2. Thank you so much for sharing. My husband lost his life a little over a year ago to alcohol and like a lot of others left me to clean up the mess. I was never a jealous person and before this marriage I never really doubted or wanted to think that my partner would be cheating on me behind my back. I tried the ultimatums and failed with following them through. After his death I felt so released to come home and know that I wasn’t walking into a mess or a drunk. The guilt that I have now is overwhelming at times and even though I can look back and say to myself that I didn’t have a choice it still hurts. Others that know me tell me I did what I thought was best but when he got sick I did nothing but try to get him to a doctor. He refused and told me day after day he was fine. Surviving this marriage was a good thing but it doesn’t stop the guilt and questions. The hurt doesn’t go away and even with time it doesn’t stop the questions of what I did wrong or could have done differently. It was so good to stumble upon your story and see that I am not alone. Thank you so much for sharing.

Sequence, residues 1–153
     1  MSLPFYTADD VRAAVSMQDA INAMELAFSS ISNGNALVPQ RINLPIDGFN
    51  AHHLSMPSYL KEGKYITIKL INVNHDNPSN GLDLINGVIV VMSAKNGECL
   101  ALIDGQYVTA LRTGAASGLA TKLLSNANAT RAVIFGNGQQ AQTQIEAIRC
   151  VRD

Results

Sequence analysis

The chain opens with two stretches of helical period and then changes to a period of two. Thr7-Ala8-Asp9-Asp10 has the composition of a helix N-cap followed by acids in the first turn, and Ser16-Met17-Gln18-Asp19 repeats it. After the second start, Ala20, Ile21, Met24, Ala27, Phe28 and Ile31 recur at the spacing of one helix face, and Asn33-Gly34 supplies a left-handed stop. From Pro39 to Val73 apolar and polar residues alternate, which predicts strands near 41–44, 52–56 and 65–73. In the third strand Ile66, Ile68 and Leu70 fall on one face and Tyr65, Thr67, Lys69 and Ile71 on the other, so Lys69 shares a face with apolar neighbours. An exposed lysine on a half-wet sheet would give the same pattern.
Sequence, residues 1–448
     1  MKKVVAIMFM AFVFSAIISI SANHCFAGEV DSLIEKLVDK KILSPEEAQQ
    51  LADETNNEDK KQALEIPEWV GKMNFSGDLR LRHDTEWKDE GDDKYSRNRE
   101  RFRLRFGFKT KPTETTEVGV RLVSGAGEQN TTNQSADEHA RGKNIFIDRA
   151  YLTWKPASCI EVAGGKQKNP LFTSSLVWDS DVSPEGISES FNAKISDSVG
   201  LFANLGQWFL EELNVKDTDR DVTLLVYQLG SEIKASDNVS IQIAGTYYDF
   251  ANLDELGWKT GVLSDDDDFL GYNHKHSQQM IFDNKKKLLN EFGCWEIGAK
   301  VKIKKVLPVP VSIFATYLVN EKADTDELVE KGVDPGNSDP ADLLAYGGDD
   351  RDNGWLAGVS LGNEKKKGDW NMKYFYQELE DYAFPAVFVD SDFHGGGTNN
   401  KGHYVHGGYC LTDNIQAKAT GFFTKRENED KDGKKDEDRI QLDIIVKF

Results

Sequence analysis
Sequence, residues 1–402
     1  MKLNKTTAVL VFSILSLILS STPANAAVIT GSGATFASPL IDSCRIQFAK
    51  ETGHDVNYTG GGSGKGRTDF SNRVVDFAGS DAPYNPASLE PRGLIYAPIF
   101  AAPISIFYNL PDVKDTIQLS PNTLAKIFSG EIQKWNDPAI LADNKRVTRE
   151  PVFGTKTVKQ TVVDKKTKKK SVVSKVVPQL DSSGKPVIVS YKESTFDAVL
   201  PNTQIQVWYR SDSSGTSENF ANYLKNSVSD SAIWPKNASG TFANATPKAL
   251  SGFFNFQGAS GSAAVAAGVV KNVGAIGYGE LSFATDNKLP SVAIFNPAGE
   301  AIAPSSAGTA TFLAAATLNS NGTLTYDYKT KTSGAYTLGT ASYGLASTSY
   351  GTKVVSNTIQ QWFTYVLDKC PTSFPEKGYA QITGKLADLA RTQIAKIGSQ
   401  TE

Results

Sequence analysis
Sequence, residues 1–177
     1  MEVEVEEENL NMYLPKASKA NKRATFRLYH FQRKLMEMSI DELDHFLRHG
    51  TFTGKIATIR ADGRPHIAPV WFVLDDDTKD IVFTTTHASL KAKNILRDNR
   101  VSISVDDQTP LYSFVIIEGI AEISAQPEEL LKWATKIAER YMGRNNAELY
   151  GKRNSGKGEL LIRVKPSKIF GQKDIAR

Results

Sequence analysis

3. I’m very grateful and relieved to read your story tonight… My husband died of alcoholism almost a year ago and the pain is still so great… The guilt I feel every day, of wishing I could’ve done more still remains with me. He died in a hotel room with an empty bottle of vodka by his side, slumped over the bathtub – so shameful so sad. We did not know what caused his death until recently, as the toxicology report was pending… But I always knew. Now when people ask me I don’t know what to say I’m not even sure what to tell my children my 13-year-old son knows but how do you say that to an eight-year-old little girl? I’m hoping this is going to get easier in time. I lost him to alcohol about four or five years ago and it’s been a spiral downhill ever since it was so painful for so many years. And I did kick him out of the house. I let him hit rock bottom, with the deepest intention of him picking himself up and starting his recovery as there was nothing more I could do. What happened is he drank himself to death in a hotel room. I’m hoping the guilt will go away, and I will come to the place where I can absolve myself somehow, someway …. I know in my heart and head that it’s not my fault… It’s still at Haunts me… thank you for sharing